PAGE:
Publication of sensitive company data
In a highly mediatised case in which a former employee wanted to publish sensitive information about his employer and his German parent company in a book, the law firm Epp & Kühl successfully enforced the employer's injunctive relief before the French court of appeal - the employee was prohibited from publishing the planned book.
An employee of a French subsidiary, which operated the highly specialized and ultra-innovative technology of the German parent company in France, wanted to publish a book with numerous details about the application of the technology as well as about the internal operating procedure after the end of his employment relationship.
The employer wanted to prevent this for understandable reasons and sued the employee for seeking injunctive relief. After the claim was successfully confirmed by the French labour court, the employee raised his claim before the court of appeal.
The court of appeal prohibited the employee from publishing the book. It made it clear
- that the duty of confidentiality under the employment contract is valid and effective,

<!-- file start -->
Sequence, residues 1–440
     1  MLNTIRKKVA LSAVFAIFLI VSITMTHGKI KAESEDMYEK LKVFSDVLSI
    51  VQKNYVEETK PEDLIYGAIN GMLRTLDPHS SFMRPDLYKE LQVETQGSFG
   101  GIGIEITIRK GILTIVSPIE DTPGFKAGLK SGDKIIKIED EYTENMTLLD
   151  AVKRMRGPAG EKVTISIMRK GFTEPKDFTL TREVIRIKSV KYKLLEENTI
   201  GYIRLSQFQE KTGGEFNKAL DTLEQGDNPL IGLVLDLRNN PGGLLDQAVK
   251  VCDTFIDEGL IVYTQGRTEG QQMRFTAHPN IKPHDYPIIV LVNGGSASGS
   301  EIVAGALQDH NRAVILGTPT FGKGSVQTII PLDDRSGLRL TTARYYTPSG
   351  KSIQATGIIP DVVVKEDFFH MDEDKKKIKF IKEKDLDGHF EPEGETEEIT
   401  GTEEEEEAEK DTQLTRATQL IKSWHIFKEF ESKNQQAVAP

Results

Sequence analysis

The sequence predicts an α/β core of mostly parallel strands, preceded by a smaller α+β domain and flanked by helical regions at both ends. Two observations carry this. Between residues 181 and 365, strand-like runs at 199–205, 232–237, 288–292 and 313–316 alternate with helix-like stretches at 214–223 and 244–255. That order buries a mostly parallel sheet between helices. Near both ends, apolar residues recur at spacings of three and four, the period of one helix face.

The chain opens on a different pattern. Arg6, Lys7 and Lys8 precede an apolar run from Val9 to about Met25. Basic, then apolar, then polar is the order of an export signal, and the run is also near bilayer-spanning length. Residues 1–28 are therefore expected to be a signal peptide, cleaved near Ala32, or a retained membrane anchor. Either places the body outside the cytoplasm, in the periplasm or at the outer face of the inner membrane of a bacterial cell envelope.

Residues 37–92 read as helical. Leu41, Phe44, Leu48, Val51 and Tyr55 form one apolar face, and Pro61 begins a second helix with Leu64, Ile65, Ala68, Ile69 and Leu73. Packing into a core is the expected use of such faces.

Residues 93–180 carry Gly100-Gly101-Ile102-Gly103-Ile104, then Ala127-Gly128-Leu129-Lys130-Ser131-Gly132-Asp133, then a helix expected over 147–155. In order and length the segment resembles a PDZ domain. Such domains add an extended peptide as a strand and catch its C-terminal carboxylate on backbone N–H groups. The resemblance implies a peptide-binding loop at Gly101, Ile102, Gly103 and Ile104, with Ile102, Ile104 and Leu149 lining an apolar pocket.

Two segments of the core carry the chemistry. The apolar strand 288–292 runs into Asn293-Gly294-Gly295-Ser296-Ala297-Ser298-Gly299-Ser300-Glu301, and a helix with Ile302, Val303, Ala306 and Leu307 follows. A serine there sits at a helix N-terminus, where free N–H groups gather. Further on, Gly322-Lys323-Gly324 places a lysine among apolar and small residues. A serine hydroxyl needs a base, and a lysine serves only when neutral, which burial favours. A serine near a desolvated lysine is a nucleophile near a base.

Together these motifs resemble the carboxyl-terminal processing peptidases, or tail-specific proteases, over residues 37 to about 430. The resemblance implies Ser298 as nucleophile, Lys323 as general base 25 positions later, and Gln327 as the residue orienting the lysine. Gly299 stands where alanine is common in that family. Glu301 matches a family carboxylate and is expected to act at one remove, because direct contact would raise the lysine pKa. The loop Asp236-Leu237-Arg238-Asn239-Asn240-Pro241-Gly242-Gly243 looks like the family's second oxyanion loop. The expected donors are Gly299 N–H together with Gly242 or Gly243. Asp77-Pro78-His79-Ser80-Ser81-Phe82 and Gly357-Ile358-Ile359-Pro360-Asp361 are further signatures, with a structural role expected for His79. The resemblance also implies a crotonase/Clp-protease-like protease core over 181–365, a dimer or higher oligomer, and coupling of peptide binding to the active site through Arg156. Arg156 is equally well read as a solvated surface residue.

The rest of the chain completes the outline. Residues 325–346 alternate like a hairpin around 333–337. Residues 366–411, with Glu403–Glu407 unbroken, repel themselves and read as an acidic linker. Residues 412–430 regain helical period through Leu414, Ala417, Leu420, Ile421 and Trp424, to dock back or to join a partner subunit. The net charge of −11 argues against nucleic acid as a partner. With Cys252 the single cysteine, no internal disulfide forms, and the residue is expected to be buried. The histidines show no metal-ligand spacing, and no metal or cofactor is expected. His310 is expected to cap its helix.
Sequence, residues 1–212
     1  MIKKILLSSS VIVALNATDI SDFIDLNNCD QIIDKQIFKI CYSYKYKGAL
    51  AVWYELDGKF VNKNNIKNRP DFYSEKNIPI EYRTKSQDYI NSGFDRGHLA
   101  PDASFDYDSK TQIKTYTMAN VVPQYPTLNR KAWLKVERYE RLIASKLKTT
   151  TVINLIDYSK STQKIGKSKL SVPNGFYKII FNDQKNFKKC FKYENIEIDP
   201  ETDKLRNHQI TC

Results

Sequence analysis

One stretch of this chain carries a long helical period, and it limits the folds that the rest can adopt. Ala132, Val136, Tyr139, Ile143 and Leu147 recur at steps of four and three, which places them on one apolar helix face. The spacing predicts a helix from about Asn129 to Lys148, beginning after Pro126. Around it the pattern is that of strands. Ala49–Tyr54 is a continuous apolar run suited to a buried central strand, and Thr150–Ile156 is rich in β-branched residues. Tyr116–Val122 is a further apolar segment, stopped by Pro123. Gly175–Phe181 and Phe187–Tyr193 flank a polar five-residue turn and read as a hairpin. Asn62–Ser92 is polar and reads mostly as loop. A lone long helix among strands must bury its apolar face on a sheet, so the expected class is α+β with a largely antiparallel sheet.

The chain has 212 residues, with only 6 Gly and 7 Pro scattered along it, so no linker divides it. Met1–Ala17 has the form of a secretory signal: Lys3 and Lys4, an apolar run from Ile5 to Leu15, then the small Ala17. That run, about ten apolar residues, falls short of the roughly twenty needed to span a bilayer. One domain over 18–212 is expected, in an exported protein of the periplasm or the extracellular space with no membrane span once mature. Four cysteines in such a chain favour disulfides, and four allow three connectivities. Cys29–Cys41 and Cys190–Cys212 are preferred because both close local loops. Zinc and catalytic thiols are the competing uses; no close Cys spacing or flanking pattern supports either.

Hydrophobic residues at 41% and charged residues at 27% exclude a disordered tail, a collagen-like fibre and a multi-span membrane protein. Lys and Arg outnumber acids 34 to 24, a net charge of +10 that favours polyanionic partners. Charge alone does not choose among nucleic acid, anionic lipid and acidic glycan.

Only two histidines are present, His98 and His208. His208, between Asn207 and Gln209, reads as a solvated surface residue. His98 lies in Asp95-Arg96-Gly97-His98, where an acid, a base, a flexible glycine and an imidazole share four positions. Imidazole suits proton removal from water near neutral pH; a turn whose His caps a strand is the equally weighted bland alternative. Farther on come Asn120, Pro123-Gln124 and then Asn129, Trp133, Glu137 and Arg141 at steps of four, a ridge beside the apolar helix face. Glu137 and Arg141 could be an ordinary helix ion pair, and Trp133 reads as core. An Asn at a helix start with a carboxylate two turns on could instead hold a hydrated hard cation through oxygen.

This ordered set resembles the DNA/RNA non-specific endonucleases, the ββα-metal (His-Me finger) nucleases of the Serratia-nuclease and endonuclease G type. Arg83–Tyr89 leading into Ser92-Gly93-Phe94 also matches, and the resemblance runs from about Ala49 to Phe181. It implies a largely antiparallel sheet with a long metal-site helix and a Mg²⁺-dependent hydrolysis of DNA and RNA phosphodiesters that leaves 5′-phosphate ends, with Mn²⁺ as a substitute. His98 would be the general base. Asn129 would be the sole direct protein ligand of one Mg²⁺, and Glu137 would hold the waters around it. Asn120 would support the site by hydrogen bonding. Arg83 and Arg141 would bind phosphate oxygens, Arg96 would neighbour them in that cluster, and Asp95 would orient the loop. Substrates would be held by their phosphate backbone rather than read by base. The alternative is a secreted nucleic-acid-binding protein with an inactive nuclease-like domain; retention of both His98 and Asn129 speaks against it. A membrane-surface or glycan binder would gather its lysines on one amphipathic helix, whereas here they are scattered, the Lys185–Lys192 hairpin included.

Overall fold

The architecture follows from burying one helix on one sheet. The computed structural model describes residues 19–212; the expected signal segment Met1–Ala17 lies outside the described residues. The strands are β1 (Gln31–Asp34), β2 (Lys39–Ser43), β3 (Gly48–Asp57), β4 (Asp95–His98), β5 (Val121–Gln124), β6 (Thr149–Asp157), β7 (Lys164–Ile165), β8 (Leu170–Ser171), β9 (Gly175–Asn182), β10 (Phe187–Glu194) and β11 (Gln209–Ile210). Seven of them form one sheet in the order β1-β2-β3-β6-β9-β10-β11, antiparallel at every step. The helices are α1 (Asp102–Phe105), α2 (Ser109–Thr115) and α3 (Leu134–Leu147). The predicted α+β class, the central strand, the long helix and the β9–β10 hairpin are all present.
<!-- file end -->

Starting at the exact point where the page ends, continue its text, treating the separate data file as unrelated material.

- that the publication of the book constitutes a breach of the abovementioned confidentiality clause, which entails an immediate risk of damage to the company, since the employee wished to disclose information which he had obtained in the course of his employment relationship and the confidentiality of which is necessary to protect the interests of the company,
- and that the employee should not be regarded as a whistleblower in that case.
This successfully conducted case shows that confidentiality clauses in employment contracts can avoid extensive damage to the company's image in the event of a dispute. It should therefore be examined in each individual case whether such a clause can be included in the employment contract.